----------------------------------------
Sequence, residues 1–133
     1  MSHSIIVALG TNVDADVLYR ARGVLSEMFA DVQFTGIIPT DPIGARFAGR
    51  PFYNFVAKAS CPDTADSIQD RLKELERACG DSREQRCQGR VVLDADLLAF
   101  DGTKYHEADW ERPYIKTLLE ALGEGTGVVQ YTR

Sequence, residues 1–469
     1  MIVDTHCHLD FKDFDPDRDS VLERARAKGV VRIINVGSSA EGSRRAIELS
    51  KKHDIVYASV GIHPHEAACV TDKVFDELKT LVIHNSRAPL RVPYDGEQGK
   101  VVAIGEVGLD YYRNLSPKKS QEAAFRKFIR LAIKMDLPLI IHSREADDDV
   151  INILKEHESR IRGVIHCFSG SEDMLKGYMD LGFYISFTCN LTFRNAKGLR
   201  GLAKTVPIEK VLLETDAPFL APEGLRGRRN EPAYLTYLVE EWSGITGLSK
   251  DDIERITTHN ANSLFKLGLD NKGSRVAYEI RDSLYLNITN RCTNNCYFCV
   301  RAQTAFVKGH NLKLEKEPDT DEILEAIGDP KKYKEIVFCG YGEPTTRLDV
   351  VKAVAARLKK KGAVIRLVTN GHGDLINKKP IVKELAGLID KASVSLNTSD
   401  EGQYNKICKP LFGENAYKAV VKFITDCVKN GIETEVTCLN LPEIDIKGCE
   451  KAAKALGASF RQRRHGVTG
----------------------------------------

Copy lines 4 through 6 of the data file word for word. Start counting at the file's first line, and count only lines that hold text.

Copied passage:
   101  DGTKYHEADW ERPYIKTLLE ALGEGTGVVQ YTR

Sequence, residues 1–469
     1  MIVDTHCHLD FKDFDPDRDS VLERARAKGV VRIINVGSSA EGSRRAIELS